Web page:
“For it will be like a man going on a journey, who called his servants and entrusted to them his property. To one he gave five talents, to another two, to another one, to each according to his ability. Then he went away. He who had received the five talents went at once and traded with them, and he made five talents more. So also he who had the two talents made two talents more. But he who had received the one talent went and dug in the ground and hid his master's money. Now after a long time the master of those servants came and settled accounts with them. And he who had received the five talents came forward, bringing five talents more, saying, ‘Master, you delivered to me five talents; here, I have made five talents more.’ His master said to him, ‘Well done, good and faithful servant. You have been faithful over a little; I will set you over much. Enter into the joy of your master.’ And he also who had the two talents came forward, saying, ‘Master, you delivered to me two talents; here, I have made two talents more.’ His master said to him, ‘Well done, good and faithful servant. You have been faithful over a little; I will set you over much. Enter into the joy of your master.’ He also who had received the one talent came forward, saying, ‘Master, I knew you to be a hard man, reaping where you did not sow, and gathering where you scattered no seed, so I was afraid, and I went and hid your talent in the ground. Here, you have what is yours.’ But his master answered him, ‘You wicked and slothful servant! You knew that I reap where I have not sown and gather where I scattered no seed? Then you ought to have invested my money with the bankers, and at my coming I should have received what was my own with interest. So take the talent from him and give it to him who has the ten talents. For to everyone who has will more be given, and he will have an abundance. But from the one who has not, even what he has will be taken away.'” Matthew 25:14-29
“We infer that no manner of life is more praiseworthy in the sight of God, than that which yields some advantage to human society.” John Calvin
The Parable of the Talents is a joyful and sobering reminder of the importance of living as called out people in a responsible fashion.
Talents are gifts given to individuals by the Lord.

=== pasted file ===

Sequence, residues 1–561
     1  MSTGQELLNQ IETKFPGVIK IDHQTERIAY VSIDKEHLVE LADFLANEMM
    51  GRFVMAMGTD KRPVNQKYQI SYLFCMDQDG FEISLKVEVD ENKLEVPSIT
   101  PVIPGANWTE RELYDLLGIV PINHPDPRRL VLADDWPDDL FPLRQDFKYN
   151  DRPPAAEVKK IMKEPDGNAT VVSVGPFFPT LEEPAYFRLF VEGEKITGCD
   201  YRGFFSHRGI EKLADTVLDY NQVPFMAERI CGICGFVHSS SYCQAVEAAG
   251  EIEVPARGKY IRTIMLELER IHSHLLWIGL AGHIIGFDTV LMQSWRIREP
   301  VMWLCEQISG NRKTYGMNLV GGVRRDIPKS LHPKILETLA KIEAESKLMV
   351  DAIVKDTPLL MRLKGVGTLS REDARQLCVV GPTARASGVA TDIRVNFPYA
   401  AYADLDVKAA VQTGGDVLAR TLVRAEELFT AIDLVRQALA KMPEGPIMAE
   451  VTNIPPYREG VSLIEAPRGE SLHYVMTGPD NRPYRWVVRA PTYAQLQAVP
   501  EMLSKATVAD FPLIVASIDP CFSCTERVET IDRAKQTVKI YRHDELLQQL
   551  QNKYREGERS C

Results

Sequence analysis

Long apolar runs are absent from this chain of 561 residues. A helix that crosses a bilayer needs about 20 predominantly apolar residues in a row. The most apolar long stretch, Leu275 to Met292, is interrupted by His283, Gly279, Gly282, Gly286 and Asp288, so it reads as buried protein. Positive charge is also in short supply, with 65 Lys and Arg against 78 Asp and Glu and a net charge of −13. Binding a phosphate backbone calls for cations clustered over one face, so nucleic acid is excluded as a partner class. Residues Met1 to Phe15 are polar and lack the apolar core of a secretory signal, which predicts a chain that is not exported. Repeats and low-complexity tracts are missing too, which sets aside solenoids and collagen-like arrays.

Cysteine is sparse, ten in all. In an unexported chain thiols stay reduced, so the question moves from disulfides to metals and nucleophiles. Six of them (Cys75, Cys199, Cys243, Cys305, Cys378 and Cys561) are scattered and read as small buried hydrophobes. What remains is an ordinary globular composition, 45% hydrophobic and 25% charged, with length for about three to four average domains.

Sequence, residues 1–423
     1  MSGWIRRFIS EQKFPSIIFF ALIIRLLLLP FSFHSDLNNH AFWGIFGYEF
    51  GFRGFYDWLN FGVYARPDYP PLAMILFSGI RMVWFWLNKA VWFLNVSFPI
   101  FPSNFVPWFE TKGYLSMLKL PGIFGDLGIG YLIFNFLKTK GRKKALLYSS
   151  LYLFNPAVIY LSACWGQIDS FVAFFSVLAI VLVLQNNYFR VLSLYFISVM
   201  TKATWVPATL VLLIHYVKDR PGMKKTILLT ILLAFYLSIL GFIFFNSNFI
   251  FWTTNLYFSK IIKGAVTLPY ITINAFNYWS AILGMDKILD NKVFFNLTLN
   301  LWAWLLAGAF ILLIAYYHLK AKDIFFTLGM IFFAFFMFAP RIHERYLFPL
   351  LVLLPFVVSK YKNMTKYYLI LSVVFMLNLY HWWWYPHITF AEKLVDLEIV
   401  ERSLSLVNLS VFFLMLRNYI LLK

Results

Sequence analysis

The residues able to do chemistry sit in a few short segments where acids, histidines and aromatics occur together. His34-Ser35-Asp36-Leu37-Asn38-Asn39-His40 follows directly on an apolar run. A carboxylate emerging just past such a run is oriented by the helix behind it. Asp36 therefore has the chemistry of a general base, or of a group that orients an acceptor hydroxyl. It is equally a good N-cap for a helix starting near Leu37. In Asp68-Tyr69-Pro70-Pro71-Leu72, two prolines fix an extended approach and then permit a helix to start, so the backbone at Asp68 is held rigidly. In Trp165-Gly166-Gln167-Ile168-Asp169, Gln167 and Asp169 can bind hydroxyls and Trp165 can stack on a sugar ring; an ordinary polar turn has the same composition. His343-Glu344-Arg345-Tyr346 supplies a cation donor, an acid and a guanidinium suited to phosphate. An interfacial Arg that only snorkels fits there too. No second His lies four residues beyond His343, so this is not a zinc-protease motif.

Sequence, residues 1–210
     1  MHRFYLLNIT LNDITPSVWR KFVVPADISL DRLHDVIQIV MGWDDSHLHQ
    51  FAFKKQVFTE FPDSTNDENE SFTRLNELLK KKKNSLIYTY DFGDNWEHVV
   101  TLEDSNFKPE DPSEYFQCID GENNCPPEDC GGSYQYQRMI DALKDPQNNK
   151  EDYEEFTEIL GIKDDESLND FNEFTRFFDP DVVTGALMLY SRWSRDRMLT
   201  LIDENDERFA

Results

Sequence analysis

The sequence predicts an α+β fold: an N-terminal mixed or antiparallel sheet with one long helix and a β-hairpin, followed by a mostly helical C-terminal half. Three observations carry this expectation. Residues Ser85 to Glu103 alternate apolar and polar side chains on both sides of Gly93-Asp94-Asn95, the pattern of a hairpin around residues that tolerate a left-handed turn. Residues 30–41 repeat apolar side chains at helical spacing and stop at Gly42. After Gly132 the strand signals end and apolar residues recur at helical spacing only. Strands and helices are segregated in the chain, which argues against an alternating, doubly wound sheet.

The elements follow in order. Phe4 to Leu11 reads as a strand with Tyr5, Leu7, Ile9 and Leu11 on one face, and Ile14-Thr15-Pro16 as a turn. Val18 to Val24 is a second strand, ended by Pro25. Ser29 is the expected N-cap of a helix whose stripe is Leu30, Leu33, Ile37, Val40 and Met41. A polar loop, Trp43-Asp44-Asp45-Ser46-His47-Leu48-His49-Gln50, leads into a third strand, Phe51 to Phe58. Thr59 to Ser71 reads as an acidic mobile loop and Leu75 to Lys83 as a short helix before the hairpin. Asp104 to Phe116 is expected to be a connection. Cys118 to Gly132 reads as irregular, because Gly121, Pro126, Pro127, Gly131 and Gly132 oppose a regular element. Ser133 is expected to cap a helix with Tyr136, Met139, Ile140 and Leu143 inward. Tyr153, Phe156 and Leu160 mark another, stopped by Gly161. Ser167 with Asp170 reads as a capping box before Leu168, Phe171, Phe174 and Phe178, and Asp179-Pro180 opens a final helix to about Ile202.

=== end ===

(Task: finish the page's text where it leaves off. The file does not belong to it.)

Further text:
This underscores the fact that all people have received gifts and with these gifts comes responsible living because an accounting will be called for by the Bestower of these gifts.
- All Christians have received gifts from the Father. (Natural talents and spiritual gifts).
- We are stewards.
- There will be many that make bad use of their privileges and mercies.
- We must one day give a reckoning to the Lord. We will render an account of how we have lived our lives in light of the gifts that God has generously given us.
The use of our gifts shows the genuineness of our faith.
The final scene reveals that the worthless servant who hid his talent was not a follower of Christ.
- We are called to be busy investing our talents, resources, time and energy in the present context knowing we will reap in the future and in eternity.
“Such opportunities are moments of decision when we must choose to play it safe and get what we can for ourselves, or risk our reputation or even our life in order that God may have what he wants. They are hours of faithful decision when we cast the die of our lives for ultimate good or evil, though in the moment the only questions we may face is, ‘will this give me what I want, or will it only make possible for Jesus Christ to do what he wants to do through me?’” Ray Stedman
“Good and evil both increase at compound interest. That is why the little decisions you and I make every day are of such infinite importance. The smallest good act today is the capture of a strategic point from which, a few months later, you may be able to go on to victories you never dreamed of. An apparently trivial indulgence in lust or anger today is the loss of a ridge or railway line or bridgehead from which the enemy may launch an attack otherwise impossible.” C.S. Lewis, Mere Christianity
In order to live with freedom and joy we must correctly understand the character of our Lord. (“into the joy vs. you are a hard man”).